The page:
Look for the following:
- Pain reproduced by palpating the plantar medial calcaneal tubercle at the site of the plantar fascial insertion on the heel bone.
- Pain reproduced with passive dorsiflexion of the foot and toes.
- Windlass test – Passive dorsiflexion of the first metatarsophalangeal joint (test to provoke symptoms at the plantar fascia by creating maximal stretch), positive test if pain is reproduced.
Secondary findings may include
- Tight Achilles heel cord, pes planus, or pes cavus.
- Biomechanical factors that may predispose client plantar fascia problems) or predisposing factors mentioned previously.
- Work-related weight-bearing
Conservative measures are the first choice:
- Relative rest from offending activity as guided by the level of pain should be prescribed.
- Ice after activity as well as oral or topical NSAIDs can be used to help alleviate pain.
- Deep friction massage of the arch and insertion.
- Shoe inserts or orthotics and night splints may be prescribed in conjunction with the above.
- Educate patients on proper stretching and rehab of the: plantar fascia; Achilles’ tendon; gastrocnemius; and soleus.
If the pain does not respond to conservative measures
More advanced or invasive techniques may be tried e.g. extracorporeal shock-wave therapy, botulinum toxin A, autologous platelet-rich plasma, dex prolotherapy, or steroid injections.
Important that advanced and invasive techniques be combined with conservative therapies.
Surgery should be the last option if this process has become chronic and other less invasive therapies have failed
Physical Therapy Management
The condition can be disabling if not appropriately managed. An important tool is the education of the patient Patients need to be told that the symptoms may take weeks or even months to improve (depending on circumstances of injury).
To follow the advice given e.g. rest from aggravating activities initially, ice, stretch. Be aware of the importance of a home exercise plan
Common treatments include: stretching and strengthening of the gastrocnemius/soleus/plantar fascia; orthotics; ultrasound; iontophoresis; night splints and joint mobilization/manipulation.
Strength Training: Similar to tendinopathy management, high-load strength training appears to be effective in the treatment of plantar fasciitis. High-load strength training may aid in a quicker reduction in pain and improvements in function.
Stretching: consists of the patient crossing the affected leg over the contralateral leg and using the fingers across to the 1base of the toes to apply pressure into toe extension until a stretch can be felt along the plantar fascia. Achilles tendon stretching can be performed in a standing position with the affected leg placed behind the contralateral leg with the toes pointed forward. The front knee was then bent, keeping the back knee straight and heel on the ground. The back knee could then be in a flexed position for more of a soleus stretch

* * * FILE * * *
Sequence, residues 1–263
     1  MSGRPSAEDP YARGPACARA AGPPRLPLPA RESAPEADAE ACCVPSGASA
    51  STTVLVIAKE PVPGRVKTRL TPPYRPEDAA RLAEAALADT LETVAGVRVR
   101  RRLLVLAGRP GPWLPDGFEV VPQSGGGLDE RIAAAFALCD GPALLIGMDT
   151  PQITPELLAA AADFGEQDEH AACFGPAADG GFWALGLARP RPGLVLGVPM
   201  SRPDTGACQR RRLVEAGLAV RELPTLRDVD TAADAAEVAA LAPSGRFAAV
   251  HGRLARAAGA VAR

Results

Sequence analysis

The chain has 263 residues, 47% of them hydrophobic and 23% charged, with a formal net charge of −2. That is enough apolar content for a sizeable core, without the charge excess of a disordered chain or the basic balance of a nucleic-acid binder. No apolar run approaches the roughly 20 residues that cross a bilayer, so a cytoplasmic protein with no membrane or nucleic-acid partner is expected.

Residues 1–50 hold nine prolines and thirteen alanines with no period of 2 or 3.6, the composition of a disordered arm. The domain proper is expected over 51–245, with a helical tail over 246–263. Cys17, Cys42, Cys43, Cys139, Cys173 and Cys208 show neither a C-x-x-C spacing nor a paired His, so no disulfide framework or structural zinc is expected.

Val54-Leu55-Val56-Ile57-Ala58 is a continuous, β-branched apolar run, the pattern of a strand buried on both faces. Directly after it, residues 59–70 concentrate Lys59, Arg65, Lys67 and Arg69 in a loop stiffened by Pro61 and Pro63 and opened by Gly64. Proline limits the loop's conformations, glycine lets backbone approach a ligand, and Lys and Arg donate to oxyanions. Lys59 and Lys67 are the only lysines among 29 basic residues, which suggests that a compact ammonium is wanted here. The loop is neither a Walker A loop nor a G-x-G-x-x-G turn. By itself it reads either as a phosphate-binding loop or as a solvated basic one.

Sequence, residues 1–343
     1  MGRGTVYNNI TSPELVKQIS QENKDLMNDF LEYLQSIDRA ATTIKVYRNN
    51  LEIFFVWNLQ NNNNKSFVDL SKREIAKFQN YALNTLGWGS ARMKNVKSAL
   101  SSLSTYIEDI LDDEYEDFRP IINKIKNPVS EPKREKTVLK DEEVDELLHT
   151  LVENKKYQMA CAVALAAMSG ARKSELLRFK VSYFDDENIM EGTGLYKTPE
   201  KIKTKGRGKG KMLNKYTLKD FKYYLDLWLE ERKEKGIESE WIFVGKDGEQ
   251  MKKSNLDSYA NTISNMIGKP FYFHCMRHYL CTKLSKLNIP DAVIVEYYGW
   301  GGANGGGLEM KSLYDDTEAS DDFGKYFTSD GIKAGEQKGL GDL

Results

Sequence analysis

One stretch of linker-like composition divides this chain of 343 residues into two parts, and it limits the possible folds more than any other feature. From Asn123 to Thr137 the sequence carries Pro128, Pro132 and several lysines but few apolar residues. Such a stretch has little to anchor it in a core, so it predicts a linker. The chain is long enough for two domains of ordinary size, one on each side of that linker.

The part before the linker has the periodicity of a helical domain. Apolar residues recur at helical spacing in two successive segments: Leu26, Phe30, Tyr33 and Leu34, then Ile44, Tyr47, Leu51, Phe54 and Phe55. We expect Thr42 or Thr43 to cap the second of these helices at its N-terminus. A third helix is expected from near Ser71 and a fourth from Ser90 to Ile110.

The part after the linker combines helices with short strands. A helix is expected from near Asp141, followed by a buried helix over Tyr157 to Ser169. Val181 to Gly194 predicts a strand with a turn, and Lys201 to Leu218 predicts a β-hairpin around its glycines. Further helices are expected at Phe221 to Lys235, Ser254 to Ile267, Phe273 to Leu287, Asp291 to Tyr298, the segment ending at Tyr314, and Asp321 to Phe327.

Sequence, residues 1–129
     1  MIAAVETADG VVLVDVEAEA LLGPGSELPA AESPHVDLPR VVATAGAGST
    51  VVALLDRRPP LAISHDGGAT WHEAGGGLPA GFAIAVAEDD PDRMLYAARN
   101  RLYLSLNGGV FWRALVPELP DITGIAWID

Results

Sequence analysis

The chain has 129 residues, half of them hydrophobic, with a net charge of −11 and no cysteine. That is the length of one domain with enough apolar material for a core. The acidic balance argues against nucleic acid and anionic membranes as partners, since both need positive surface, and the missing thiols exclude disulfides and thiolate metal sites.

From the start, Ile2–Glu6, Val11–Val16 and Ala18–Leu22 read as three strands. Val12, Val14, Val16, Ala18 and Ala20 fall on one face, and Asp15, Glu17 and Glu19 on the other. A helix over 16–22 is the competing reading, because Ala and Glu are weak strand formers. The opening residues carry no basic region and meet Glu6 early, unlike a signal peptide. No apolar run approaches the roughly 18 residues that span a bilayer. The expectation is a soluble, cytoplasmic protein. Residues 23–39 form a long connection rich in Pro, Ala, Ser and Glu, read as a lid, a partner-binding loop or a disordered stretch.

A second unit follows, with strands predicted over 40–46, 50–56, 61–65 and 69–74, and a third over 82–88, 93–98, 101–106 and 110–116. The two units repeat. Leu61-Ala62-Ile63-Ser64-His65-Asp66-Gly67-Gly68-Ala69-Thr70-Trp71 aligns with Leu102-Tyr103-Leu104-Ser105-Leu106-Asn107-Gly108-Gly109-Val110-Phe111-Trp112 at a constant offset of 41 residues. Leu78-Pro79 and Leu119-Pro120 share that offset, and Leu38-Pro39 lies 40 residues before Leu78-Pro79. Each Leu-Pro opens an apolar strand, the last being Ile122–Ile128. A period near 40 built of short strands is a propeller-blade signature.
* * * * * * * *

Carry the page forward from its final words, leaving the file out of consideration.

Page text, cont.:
Mobilizations and manipulations – decrease pain and relieve symptoms in some cases. E.g.; Posterior talocrural joint mobilization and subtalar joint distraction manipulation (for hypomobile talocrural joint).Ankle, subtalar and midfoot joint mobilizations
Posterior-night splints maintain ankle dorsiflexion and toe extension, allowing for a constant stretch on the plantar fascia. Some evidence reports night splints to be beneficial but in a review by Cole et al he reported that there was limited evidence to support the use of night splints to treat patients with pain lasting longer than six months, and patients treated with a custom made night splints improved more than prefabricated night splints.
Foot orthoses produce small short-term benefits in function and may also produce small reductions in pain for people with plantar fasciitis, but they do not have long-term beneficial effects compared with a sham device whether they are custom made or prefabricated. When used in conjunction with a stretching program, a prefabricated shoe insert is more likely to produce improvement in symptoms as part of the initial treatment of proximal plantar fasciitis than a custom polypropylene orthotic device
Taping – e.g.; for an entire week tape placed on the gastrocnemius and the plantar fascia.
Usually a self-limited condition, and with conservative therapy, symptoms are usually resolved within 12 months of initial presentation and often sooner.
Sometimes more chronic cases of this condition will need additional follow-up to consider more advanced therapies and evaluation of gait and biomechanical factors that can potentially be corrected through gait retraining.
Corticosteroid injections have been shown to be beneficial in the short-term (less than four weeks) but ineffective in the long term. Evidence of the efficacy of platelet rich plasma, dex prolotherapy, and extra-corporeal shockwave therapy is conflicting.